Proper Nutrition and Physical Activity

Proper nutrition, hydration, and physical activity are the hallmarks of any healthy individual. In nursing home residents, these factors become even more crucial as vitamins, minerals, and proper hydration help the body maintain a strong immune system.

Physical activity and frequent movement also help increase blood flow and prevent any one area from being under excessive pressure.

How Nursing Home Neglect Can Cause Bedsores

One bedsore itself may not always be indicative of a larger problem. However, multiple bedsores, untreated ulcers, or frequent reports of bedsores may be signs of nursing home abuse or neglect.

Nursing home caregivers have a responsibility to attend to residents’ health and safety. This can include frequently altering the position of immobile residents, inspecting patients for signs of bedsores and infections, and properly caring for and treating any emerging signs of wounds or ulcers.

When caregivers fail to fulfill these duties, the results for elderly residents can be life-altering, even life-ending. Infected bedsores and ulcers can lead to tissue necrosis, sepsis, loss of limbs, and even death.

Overworked or overwhelmed nursing home caregivers may contribute to the development of bedsores by failing to thoroughly clean a patient, inspect their skin, or move them regularly. While unintentional, this behavior is still considered neglect, and caregivers and nursing homes may be held accountable.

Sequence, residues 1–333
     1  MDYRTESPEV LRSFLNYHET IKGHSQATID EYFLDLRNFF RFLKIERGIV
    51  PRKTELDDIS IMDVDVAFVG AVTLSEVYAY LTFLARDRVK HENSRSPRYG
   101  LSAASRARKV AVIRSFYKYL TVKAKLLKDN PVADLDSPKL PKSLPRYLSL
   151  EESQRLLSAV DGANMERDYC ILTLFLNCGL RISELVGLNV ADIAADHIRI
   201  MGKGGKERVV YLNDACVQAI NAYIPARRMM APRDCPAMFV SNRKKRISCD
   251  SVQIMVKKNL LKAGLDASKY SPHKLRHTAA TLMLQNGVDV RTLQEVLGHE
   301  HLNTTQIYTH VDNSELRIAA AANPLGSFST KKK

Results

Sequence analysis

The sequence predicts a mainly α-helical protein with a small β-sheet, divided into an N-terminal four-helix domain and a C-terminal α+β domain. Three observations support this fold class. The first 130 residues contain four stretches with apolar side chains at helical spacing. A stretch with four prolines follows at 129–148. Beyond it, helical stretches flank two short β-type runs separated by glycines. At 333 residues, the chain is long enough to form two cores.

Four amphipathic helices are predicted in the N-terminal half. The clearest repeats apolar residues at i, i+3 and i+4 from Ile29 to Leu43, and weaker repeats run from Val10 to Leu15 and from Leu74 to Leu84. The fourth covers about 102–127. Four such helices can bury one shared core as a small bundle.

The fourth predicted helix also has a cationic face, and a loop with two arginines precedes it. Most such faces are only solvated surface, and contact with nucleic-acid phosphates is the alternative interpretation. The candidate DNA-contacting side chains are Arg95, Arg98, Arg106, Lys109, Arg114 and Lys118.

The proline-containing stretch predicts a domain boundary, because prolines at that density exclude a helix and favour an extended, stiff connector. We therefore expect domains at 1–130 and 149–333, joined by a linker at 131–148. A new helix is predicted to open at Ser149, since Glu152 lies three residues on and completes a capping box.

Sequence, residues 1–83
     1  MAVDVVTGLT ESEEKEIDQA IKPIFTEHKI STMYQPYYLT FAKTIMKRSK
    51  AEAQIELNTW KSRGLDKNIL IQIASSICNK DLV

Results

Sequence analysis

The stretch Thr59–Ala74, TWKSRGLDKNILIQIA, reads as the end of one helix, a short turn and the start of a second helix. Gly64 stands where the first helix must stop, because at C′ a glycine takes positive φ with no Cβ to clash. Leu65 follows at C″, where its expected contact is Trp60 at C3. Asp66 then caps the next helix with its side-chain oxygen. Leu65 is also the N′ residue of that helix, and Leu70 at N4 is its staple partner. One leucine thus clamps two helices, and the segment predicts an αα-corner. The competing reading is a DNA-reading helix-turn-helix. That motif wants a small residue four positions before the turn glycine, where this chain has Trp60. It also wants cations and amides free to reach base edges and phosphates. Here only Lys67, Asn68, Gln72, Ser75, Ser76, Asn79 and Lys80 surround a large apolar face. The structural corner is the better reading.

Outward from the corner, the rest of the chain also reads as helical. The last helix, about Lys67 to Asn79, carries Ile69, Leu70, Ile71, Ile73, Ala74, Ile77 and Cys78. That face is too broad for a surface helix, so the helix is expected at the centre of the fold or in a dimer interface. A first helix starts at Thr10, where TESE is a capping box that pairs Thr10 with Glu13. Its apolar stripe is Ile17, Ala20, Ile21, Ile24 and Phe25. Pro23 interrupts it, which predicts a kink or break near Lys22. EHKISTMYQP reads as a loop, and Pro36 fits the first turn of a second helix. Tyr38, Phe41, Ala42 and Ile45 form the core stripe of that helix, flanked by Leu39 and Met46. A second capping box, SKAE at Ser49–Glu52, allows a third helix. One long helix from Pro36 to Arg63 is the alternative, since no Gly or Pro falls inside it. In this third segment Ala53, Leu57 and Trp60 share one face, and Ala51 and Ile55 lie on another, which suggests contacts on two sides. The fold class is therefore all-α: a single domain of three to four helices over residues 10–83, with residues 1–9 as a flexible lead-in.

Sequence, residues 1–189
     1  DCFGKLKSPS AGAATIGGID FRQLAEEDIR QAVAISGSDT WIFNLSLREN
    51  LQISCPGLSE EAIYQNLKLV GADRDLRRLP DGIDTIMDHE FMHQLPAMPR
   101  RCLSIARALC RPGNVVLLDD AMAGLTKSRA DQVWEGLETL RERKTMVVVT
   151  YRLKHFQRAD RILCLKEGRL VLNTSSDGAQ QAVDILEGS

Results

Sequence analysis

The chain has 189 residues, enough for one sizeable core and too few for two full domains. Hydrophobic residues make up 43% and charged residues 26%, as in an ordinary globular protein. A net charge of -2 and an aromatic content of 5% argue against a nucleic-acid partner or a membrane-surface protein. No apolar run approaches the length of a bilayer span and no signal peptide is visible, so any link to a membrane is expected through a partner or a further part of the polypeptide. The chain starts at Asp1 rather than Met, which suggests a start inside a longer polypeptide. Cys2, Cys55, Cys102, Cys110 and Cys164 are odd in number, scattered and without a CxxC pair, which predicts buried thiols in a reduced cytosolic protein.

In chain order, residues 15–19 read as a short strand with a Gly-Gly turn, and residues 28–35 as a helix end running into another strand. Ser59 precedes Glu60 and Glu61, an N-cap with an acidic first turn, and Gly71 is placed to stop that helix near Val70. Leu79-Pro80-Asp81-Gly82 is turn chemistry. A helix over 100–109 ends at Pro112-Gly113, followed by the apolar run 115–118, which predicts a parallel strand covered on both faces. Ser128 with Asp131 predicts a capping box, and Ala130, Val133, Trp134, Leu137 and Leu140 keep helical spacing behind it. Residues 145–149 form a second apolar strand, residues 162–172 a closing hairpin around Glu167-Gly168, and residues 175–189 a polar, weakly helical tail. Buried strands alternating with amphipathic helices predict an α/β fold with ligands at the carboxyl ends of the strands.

A pressure sore may also develop as a result of an improperly trained caregiver attending to elderly residents. While a caregiver may not be intentionally neglecting a resident, the nursing home itself is responsible for conducting the background screenings to ensure that those hired to work with residents are qualified and have the proper education and credentials. The nursing home is responsible for training its caregivers in the proper protocol for addressing a resident’s medical needs.

Unfortunately, some caregivers may intentionally choose to neglect and abuse nursing home residents out of spite, anger, dissatisfaction at work, or cruelty. These caregivers may intentionally choose to ignore wounds or the warning signs of ulcers to punish difficult patients.

What to Do If You Suspect Your Loved One Is Being Neglected in Alabama

Though they may begin as a small wound, bedsores can be an indicator that there is a larger problem at issue. Elderly nursing home residents at risk for developing significant bedsores may not be able to effectively communicate that they are being mistreated, abused, or neglected.

If you have a family member or elderly patient who is experiencing bedsores or has infected ulcers, those issues may be the result of nursing home abuse or neglect. If you suspect elder abuse or neglect in the Dothan area, do not wait. Call the team at Gartlan Injury Law today. We are committed to investigating your claims and holding those responsible accountable for their actions.

Contact us for a free consultation about your legal options, and let’s work together to help your loved one out of a painful situation.


Aaron Gartlan is a graduate of Troy University and the Thomas Goode Jones School of Law who focuses his practice exclusively on representing those injured by the wrongdoing of others. He is member of the National Trial Lawyers Association’s Top 100 Trial Lawyers, Million Dollar Advocates Forum and Multi-Million Dollar Advocates Forum. In addition to his legal practice, Aaron teaches Business Law as an adjunct instructor at Troy University’s Sorrell College of Business and serves as a field artillery sergeant in the Alabama National Guard.